Changing consumer behaviour has, unsurprisingly, been a key factor fuelling much of this change. The digital investments of 2020 raised the bar for excellent digitally enabled services, which are now seen as the norm rather than a nice-to-have. Banking is a prime example of an industry pushed into transformation as a result of our changing lifestyles – the pandemic is accelerating the move towards a cashless society, and ModularBank estimates 90 per cent of UK customers now see technology as important when selecting a bank. While the growth of app-led challengers won’t displace traditional banks any time soon, their digital capabilities will steal away some customers. Every business should take heed from competitors who are making strides in digital – once customers get a taste for great experiences, they will seek them out.
The key thing is for companies to channel and focus their digital investments and automate as much of the management and maintenance of new technologies as possible. This will allow the experts to focus on using technology to innovate, which is how real transformation will happen.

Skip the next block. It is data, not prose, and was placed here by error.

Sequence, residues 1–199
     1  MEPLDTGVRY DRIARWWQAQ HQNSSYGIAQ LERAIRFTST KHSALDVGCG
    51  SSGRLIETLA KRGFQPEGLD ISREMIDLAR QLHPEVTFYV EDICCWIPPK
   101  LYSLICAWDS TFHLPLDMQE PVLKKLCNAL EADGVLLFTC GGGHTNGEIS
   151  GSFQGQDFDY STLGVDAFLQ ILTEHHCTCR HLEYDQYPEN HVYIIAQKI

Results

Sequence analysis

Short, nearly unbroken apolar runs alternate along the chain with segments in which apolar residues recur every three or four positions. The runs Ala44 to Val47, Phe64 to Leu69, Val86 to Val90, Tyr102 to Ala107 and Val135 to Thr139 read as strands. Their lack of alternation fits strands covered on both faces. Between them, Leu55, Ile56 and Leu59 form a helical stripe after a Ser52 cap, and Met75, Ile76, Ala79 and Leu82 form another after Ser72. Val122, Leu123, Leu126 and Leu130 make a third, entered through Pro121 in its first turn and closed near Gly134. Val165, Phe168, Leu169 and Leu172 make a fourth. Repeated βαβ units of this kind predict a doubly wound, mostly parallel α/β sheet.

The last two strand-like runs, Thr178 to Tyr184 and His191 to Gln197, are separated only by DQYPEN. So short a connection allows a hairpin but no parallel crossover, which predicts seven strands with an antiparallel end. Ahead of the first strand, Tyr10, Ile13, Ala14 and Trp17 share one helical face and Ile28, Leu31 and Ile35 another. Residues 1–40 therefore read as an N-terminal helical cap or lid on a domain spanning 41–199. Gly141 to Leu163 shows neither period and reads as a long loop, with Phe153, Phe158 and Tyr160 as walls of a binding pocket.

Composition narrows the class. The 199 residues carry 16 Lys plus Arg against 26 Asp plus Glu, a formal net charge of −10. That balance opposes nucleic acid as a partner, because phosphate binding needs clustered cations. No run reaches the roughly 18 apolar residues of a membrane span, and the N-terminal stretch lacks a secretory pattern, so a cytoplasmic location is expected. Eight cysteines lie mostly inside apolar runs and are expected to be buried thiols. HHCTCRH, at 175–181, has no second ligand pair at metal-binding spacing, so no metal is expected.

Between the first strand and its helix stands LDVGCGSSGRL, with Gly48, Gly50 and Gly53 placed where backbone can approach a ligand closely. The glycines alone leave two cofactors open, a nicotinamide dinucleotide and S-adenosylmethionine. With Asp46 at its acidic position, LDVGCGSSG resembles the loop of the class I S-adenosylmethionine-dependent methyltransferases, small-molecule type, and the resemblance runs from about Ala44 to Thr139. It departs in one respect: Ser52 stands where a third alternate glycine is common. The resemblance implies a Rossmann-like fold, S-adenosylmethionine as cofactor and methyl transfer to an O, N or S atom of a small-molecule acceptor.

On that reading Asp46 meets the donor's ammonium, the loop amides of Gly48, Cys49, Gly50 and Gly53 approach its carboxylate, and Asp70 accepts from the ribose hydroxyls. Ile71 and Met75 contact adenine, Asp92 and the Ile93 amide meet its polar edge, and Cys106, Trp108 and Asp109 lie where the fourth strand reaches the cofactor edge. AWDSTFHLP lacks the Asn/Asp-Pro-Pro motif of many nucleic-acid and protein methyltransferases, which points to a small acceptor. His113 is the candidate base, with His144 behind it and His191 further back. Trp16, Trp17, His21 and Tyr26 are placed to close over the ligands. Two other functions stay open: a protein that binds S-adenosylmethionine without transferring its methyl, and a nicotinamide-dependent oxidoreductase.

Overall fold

With so much talk around transformation, you could be forgiven for thinking of 2021 as the year quantum computing makes waves. But as ‘big bang’ as quantum could be, it’s not the technological innovation most companies need right now. Not only does this kind of big innovation take time to trickle down, but after a year of unexpected challenges, most companies need stability and resilience, rather than wholesale change.
What’s more, the ever-changing landscape of health, social and geo-political uncertainty will likely bring more unpredictable challenges over the next couple of years. It will therefore be crucial for businesses to focus on building resilience. A key starting point will be reducing the number of dependencies a business is reliant on.